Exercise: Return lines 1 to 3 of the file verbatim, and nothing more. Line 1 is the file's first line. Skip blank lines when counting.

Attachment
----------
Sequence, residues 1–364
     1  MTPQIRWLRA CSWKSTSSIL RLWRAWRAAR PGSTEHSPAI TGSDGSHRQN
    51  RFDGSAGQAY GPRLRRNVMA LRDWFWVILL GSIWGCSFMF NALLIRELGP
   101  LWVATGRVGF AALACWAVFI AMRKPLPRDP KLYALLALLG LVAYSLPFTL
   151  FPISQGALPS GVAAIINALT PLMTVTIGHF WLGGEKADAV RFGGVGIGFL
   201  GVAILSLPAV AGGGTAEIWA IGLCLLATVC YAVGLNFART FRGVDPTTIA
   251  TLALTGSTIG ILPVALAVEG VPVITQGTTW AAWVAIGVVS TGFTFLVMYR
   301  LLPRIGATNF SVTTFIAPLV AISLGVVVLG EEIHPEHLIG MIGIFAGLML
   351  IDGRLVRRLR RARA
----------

Sequence, residues 1–364
     1  MTPQIRWLRA CSWKSTSSIL RLWRAWRAAR PGSTEHSPAI TGSDGSHRQN
    51  RFDGSAGQAY GPRLRRNVMA LRDWFWVILL GSIWGCSFMF NALLIRELGP